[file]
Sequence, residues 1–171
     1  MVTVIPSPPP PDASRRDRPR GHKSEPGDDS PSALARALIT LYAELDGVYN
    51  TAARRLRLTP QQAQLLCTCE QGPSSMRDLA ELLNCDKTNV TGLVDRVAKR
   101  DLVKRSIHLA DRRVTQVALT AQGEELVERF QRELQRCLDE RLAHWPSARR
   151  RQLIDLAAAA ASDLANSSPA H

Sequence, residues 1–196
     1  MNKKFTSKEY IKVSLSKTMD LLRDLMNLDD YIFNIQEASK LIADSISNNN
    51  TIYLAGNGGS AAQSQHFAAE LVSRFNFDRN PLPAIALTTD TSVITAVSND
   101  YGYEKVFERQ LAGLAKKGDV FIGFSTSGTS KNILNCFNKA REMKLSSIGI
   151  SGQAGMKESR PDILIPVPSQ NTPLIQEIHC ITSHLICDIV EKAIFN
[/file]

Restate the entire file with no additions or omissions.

Sequence, residues 1–171
     1  MVTVIPSPPP PDASRRDRPR GHKSEPGDDS PSALARALIT LYAELDGVYN
    51  TAARRLRLTP QQAQLLCTCE QGPSSMRDLA ELLNCDKTNV TGLVDRVAKR
   101  DLVKRSIHLA DRRVTQVALT AQGEELVERF QRELQRCLDE RLAHWPSARR
   151  RQLIDLAAAA ASDLANSSPA H

Sequence, residues 1–196
     1  MNKKFTSKEY IKVSLSKTMD LLRDLMNLDD YIFNIQEASK LIADSISNNN
    51  TIYLAGNGGS AAQSQHFAAE LVSRFNFDRN PLPAIALTTD TSVITAVSND
   101  YGYEKVFERQ LAGLAKKGDV FIGFSTSGTS KNILNCFNKA REMKLSSIGI
   151  SGQAGMKESR PDILIPVPSQ NTPLIQEIHC ITSHLICDIV EKAIFN